From our data on 11 public companies, we see the average inventory turn is 3.0x with the highest company returning 5.7x. The best companies are somewhere around 4.0x.

3. Quick Ratio

The quick ratio indicates your company’s ability to settle its short-term obligations with cash or assets that are easy to convert to cash – that is, accounts receivable (including amounts that Amazon or Shopify owes you), and marketable securities (including your crypto).

More importantly, it shows the businesses’ short-term liquidity standing, and if you risk running out of cash altogether.

That means, if your quick ratio is good, you can pay off current liabilities without having to sell your inventory or seek additional financing from lenders or investors.

What is a quick ratio?

Also known as the acid test ratio, the quick ratio is an indicator of a company’s ability to pay for its current liabilities using cash or assets that are easiest to convert to cash.

To calculate the quick ratio, divide the most liquid assets of your business (cash, accounts receivables, marketable securities) by the aggregate current liabilities.

What’s good?

The best companies have quick ratios 1.5+.

A higher ratio number means you are in a position to settle debts as they arise. If the score is less than 1, then you’re struggling to pay debts and suppliers.

From the data of public companies, we note that the average quick ratio is 1.2x. But, you can see that 6 of the 11 companies are operating at below 1x with the highest at 3.4x.

Note. In highly seasonal businesses, quick ratios drop drastically as businesses ramp up inventory levels prior to large sales months.

4. Contribution Margin %

Contribution margin is a key ecommerce metric for strategic business decisions as it helps you track overall profitability and core unit economics.

What is contribution margin?

Our definition of contribution margin is net sales minus variable costs.

For more on how to calculate contribution margin, read our full article on contribution margin.

What’s good?

The best companies are achieving contribution margin % of 30%.

In higher volume businesses, owners may find 30% unachievable and target closer to 15% or 20%

Note that there is no public data available on this metric. Not that public companies don’t value this metric – just standard accounting principles don’t require it.

5. CLV

Customer Lifetime Value is the total profit that you generate from a customer over the life of that customer.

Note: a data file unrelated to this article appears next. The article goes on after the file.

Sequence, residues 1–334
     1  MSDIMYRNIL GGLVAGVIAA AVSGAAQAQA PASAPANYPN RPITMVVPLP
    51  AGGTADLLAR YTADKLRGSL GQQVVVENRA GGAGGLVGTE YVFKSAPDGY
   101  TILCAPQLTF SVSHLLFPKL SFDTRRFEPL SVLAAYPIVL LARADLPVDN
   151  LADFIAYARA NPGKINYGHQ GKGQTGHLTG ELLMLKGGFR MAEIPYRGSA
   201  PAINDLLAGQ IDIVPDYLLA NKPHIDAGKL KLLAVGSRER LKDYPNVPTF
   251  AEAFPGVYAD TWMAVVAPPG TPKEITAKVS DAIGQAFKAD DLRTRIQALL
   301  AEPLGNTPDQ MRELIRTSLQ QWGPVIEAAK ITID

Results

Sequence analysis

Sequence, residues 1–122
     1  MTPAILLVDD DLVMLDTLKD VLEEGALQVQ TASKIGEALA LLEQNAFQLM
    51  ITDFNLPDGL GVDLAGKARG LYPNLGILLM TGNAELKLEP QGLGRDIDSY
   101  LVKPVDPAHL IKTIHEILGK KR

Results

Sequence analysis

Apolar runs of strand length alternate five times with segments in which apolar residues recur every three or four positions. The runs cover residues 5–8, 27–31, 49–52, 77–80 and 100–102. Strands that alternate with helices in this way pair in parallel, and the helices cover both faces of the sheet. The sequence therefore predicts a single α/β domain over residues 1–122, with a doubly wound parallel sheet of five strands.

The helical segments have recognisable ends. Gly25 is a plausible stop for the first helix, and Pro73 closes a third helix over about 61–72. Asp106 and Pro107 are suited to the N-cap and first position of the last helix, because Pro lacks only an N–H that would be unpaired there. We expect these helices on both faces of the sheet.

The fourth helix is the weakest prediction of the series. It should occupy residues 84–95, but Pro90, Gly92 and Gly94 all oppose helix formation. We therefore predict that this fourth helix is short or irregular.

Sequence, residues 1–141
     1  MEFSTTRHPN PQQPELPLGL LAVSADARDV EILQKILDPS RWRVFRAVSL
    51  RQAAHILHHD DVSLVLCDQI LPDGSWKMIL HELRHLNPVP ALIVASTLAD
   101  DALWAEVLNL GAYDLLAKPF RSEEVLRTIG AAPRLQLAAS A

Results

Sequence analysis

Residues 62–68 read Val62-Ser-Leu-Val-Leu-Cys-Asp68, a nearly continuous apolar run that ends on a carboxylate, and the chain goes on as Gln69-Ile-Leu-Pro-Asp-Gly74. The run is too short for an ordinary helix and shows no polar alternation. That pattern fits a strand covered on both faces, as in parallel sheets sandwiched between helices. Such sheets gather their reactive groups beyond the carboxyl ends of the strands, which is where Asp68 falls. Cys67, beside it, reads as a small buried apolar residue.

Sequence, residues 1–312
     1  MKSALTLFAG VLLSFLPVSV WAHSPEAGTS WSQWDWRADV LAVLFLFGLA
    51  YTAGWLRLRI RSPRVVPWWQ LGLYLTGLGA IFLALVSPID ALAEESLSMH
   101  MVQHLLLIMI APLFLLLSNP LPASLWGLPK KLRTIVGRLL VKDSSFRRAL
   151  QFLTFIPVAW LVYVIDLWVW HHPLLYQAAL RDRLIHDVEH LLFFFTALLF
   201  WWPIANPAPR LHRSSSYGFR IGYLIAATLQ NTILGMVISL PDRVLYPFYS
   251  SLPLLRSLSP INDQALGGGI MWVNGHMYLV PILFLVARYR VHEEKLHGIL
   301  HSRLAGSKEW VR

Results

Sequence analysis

This metric drives decision-making regarding customer acquisition and retention, product improvement, customer support, and upselling.

If you need help calculating CLTV, check out our article on customer lifetime value.

What’s a good CLV?

This varies widely depending on the period. But generally within a year, anything less than 2 is poor.

Between 2-3 is considered “good”. And 3+ is above average.

Note that an extremely high ratio may indicate an underinvestment in the business.

Note also that – similar to contribution margin % – public data is not available for CLV.

How Time Impacts the 5 Metrics that Matter


From the publicly available data, we used trailing 12 months. You should do what’s most appropriate for your business. But, in general, include a full season.

Black Friday / Cyber Monday and Christmas

Many ecommerce businesses rely heavily on Q4 sales. But, they may fall off in Q1 of the following year. Returns will typically be higher for Q4 followed by a steep drop in Q1. So, again, include a full year or season

Major changes

As much as possible, aim to compare time periods apples to apples. Considering excluding periods with unusual trends that may distort the overall picture of your company. For instance, a sudden spike in sales in a month when you launched a wildly successful product or if your Amazon account was shut down.

Common Mistakes with Ecommerce KPI Benchmarks

  • Profitability | Avoiding the reality that you’re not profitable. Negative profitability in a single month or quarter is not necessarily bad. But months/periods of negative profitability should be properly managed and viewed within the constraints of the balance sheet. Simply put, if your balance sheet can’t support months of sustained losses, you better take drastic decisions to improve profitability. This could mean cutting ads, cutting SKUs, and downsizing. It’s not fun but it’s necessary for long-term sustainability.
  • Timing | Make sure to define a realistic time period for calculating various metrics. For CLV specifically, viewing data 2+ years out isn’t very insightful. Work with 6 months to 1-year timelines.
  • 3rd Party Apps | Some 3rd party apps are awesome. But don’t trust them blindly. You need to intimately understand how the data is being presented as most apps aren’t going to customize the data enough for the nuances of your business. Do the work to calculate the metrics on your own and compare your findings to what the apps are telling you.

Still not sure about Ecommerce KPI?

Schedule a call with us today to learn how to monitor these 5 key metrics.